Copy
View this email in your browser
Trading Standards Scotland
In this edition of Scam Share we'll look at some of the most recent scams which have been reported by consumers across Scotland, including those related to the COVID-19 outbreak.

This is Scam Awareness Week and Citizens Advice have published new research suggesting that more than one in three people in the UK have been targeted by a scammer since the beginning of lockdown. This figure rises when it comes to those who have are particularly vulnerable - 54% of those who have lost their income and 45% of those with a disability or long-term illness have been targeted by scammers. 

It's more important than ever to make sure that you stay Scam Aware and that you share information about scams with vulnerable relatives or friends. Follow us on Twitter, Facebook and Instagram for information about the latest scams reported by Scottish consumers.

Information about frequently reported scams and guidance about issues where there are ongoing scams related to the Covid-19 pandemic, such as travel cancellations, deliveries, PPE, fake medical products and doorstep scams, can be found on our website.

Stay safe while online at home and report all scams to Advice Direct Scotland on 0808 164 6000. Report scam emails to the National Cyber Security Centre.
Shut Out Scammers
This week has seen the launch of the nationwide Shut out Scammers campaign in partnership with Police Scotland. Other key partners include Advice Direct Scotland, Neighbourhood Watch and SCOTSS.

In addition to more traditional doorstep scams reported during the summer months, with rogue traders offering to carry out home maintenance, gardening work or services such as gutter cleaning or pressure washing, we have reported in this bulletin how fraudsters have adapted to the changing circumstances of the lockdown.

We have developed 5 signposts to help you shut out scammers:
  • Close the door on uninvited callers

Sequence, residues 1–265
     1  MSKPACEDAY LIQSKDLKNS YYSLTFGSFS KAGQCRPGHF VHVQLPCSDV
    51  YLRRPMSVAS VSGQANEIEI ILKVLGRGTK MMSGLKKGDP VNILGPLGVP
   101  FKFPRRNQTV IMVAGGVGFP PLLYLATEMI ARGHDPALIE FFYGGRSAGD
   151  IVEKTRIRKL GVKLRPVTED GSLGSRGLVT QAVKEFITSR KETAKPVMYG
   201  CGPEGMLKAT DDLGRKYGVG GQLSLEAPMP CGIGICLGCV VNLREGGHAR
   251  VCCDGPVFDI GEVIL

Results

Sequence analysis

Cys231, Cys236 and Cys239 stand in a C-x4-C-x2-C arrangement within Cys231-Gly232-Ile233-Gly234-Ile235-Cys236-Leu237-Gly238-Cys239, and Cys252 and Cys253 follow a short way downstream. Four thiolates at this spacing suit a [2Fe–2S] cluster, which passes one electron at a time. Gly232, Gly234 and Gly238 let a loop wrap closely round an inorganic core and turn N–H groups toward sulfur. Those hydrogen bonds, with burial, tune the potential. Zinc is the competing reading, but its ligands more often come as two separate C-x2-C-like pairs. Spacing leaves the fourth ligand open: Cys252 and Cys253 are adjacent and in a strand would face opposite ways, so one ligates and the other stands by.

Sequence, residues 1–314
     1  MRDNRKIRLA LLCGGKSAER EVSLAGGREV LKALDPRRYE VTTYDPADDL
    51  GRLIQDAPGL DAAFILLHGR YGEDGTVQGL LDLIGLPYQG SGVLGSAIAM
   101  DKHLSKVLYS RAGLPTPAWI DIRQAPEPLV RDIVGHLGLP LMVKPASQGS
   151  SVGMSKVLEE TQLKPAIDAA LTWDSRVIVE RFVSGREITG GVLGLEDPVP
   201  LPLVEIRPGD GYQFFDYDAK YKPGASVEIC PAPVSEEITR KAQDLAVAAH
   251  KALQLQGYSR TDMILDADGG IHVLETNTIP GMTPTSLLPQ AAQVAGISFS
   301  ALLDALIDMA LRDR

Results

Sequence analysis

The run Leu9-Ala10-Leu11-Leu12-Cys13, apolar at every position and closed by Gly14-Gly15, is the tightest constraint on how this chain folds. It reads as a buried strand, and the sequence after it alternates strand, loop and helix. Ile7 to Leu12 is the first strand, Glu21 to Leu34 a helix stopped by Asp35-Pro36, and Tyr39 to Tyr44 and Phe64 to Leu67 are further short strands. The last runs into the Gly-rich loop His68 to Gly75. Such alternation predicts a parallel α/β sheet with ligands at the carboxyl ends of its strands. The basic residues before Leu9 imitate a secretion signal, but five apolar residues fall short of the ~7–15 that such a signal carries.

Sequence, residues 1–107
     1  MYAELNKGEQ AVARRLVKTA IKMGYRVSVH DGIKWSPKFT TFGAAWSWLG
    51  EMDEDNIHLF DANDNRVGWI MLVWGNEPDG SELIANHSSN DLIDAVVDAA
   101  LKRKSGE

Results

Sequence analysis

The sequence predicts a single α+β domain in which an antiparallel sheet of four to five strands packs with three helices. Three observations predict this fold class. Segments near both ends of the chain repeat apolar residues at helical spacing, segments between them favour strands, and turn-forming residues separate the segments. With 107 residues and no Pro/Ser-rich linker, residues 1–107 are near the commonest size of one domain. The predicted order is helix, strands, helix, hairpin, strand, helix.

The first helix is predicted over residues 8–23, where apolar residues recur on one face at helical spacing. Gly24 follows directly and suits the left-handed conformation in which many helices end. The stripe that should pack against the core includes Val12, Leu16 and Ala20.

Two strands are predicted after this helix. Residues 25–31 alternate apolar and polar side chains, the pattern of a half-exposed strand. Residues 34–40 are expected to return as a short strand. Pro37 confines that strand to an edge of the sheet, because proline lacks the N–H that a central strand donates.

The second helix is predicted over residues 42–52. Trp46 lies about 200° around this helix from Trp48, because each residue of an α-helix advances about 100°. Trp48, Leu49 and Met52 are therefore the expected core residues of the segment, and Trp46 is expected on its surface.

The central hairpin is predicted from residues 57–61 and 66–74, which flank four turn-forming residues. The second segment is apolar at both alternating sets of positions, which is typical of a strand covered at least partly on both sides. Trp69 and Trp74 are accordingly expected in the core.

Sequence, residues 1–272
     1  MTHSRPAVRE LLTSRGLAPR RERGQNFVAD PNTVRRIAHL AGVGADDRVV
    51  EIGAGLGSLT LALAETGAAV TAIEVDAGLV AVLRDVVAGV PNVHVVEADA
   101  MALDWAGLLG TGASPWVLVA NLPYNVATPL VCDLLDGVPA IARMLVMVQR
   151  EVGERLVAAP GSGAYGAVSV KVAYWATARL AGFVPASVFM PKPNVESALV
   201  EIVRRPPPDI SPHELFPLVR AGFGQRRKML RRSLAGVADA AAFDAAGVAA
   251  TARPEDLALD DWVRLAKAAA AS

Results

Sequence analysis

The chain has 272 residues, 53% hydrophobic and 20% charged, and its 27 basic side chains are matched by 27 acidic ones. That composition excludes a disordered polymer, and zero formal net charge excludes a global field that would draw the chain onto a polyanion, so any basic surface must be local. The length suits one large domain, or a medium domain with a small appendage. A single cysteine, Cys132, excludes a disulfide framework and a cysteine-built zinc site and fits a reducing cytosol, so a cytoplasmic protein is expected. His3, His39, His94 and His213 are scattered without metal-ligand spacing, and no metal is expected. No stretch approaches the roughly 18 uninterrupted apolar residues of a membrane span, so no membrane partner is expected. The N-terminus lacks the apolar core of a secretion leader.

• Take time to think before making a decision
  • Research - get at least 3 quotes and check 3 review sites
  • Verify that the caller is genuine
  • Report suspicious behaviour to Police Scotland and report scams to Advice Direct Scotland.
Find out more in our new Doorstep Scammers Signpost Factsheet or on our website. Follow us on social media to see videos of top tips on avoiding rogue traders from partners.
Doorstep Scam
Trees
This week, one of our own colleagues was cold called by two females and a male in a liveried van who said that they had ordered a number of trees for a nearby building complex. They said that due to the Covid-19 pandemic, the houses were not yet ready and so they were selling the trees at a discounted rate. They offered the trees for £40 and £60.
This is a frequently used tactic by doorstep scammers - they may offer to carry out work in your garden or lay a tarmacadam driveway at a discounted rate because they "have excess materials left over from another job which they need to use up". They try to pressure you into agreeing to allow them to start work immediately.

General Advice for Avoiding Doorstep Scams
  • Remember - you are not being rude if you shut the door on unsolicited callers.
  • Don't agree to make any payments for goods or services offered by cold callers.
  • If you need to call a trader for emergency repair work during the quarantine, find someone who has been vetted through a national or local authority approved trader scheme.
  • If you feel feel uncomfortable or suspicious, call Police Scotland on 101. If you feel threatened or unsafe at any time, call 999.
  • Report rogue traders to Advice Direct Scotland on 0808 164 6000 or through their website
  • Sign up for Neighbourhood Watch Alerts to stay up to date with what is going on in your community. Keep an eye on vulnerable neighbours.
  • Get more advice on our website
Contact Tracing Scams
Test and Protect Infographic
Scottish consumers are continuing to report contact tracing scams linked to NHS Scotland's Test and Protect service.